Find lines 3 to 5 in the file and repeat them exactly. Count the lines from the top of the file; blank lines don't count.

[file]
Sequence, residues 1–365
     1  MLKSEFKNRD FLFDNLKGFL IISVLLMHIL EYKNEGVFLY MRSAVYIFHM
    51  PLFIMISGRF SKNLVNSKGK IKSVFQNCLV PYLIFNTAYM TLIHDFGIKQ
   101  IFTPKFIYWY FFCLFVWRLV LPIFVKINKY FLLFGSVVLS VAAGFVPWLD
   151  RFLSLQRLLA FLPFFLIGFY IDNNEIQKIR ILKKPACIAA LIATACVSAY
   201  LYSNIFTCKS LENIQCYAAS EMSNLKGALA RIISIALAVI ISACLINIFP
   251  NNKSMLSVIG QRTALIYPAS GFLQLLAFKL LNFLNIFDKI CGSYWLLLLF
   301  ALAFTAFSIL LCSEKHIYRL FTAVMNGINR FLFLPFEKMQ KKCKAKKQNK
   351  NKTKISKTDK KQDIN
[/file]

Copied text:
    51  PLFIMISGRF SKNLVNSKGK IKSVFQNCLV PYLIFNTAYM TLIHDFGIKQ
   101  IFTPKFIYWY FFCLFVWRLV LPIFVKINKY FLLFGSVVLS VAAGFVPWLD
   151  RFLSLQRLLA FLPFFLIGFY IDNNEIQKIR ILKKPACIAA LIATACVSAY